Robert Betz, prairie visionary
Robert Betz, founder and leader of Fermilab's Prairie Restoration Project from 1973 to 2007, died on Thursday, April 5.
Robert Betz, whose inspiration sparked the restoration of Fermilab's acres of prairie, died April 5 after battling cancer. He was 84. His devotion shaped the landscape of Fermilab, a groundbreaking model of prairie restoration. Betz began the restoration project in 1973; today, almost 20 percent of the lab's grounds have been restored native grasses and wildflowers.
"I'll just miss Bob the man, his friendship and his willingness to share what he knew," said Mike Becker, Roads and Grounds manager. "His life's work will continue at Fermilab. The prairie will continue to grow just has he wanted it to."
After a 1959 trip to the Sante Fe Prairie in Hodgkins, Ill., Betz caught prairie fever. He started visiting old cemeteries and railroad tracks in the Midwest, looking for patches of prairie as models to bring prairie lands back to their original glory. "He was tenacious," Becker said. Betz loved to tell a story about one of his former students, who found a prairie plant that was extremely rare in Illinois. Excited to tell Betz about his find, he began walking out of the prairie area, but, looking down in the rocks, he saw a pencil marked Northeastern Illinois University. Betz had already been there.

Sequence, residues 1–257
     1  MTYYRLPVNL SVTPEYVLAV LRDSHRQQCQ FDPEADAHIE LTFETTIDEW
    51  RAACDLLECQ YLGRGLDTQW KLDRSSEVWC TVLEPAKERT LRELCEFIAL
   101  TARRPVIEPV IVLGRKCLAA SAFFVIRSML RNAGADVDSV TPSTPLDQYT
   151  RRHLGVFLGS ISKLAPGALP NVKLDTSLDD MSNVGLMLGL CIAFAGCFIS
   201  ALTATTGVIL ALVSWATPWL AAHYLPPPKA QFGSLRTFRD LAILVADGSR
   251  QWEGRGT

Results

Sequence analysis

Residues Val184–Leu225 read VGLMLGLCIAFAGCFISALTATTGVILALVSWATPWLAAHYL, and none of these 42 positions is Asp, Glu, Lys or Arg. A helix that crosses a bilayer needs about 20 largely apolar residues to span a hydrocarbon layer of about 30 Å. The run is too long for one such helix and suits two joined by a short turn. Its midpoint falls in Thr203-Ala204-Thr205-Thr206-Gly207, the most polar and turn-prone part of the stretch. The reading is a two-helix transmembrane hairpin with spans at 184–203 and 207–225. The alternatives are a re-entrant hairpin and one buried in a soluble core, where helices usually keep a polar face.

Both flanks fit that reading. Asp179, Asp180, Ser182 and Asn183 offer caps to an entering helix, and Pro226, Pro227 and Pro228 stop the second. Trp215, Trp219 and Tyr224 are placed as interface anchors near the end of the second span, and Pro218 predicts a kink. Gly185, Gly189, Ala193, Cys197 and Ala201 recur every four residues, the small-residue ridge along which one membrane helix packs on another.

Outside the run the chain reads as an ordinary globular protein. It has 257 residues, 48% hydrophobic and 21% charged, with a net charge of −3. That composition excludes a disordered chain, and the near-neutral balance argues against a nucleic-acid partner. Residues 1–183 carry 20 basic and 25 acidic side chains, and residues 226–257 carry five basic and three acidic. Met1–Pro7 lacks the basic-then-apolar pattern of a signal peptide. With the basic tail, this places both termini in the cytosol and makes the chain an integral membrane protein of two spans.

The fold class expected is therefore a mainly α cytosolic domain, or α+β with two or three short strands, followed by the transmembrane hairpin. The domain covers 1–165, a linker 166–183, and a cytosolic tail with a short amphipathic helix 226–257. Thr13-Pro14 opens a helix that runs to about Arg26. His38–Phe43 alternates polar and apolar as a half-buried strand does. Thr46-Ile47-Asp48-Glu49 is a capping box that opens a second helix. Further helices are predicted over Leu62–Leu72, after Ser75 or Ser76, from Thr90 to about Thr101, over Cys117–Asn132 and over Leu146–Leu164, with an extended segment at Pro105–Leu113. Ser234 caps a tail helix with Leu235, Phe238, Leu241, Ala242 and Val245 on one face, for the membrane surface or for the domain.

A former biology and biochemistry professor at Northeastern Illinois University, who was sometimes called Professor Prairie, Betz was a natural, cheerful teacher. "He'd tell you something one week, and then ask you the next week to make sure you had caught on," Becker said. "But he was always good-natured about it. He never took anything too seriously."
Martin Valenzuela of Roads and Grounds used to go to lunch with Betz after working in the prairie. Betz always wanted to go to Burger King so he could mix the sodas. "He was like a kid," Valenzuela said. "Laughing out loud -- that's how I'll remember him." Valenzuela added: "The lesson I learned from him is his motivation to teach me about the prairie. That's something respectful. How wonderful."
Bob Lootens of Roads and Grounds, who began working with Betz nearly 30 years ago, still hears Betz's voice in his head, teaching him the Latin names of plants. "If you had the patience to listen, he had the patience to teach," Lootens said. Lootens recounted a time when he had messed up a detail during a prairie burn. Betz's response: "Don't worry. In a hundred years, no one will know the difference." Said Lootens: "That's not true of Bob Betz's work. His legacy will stay with the lab forever."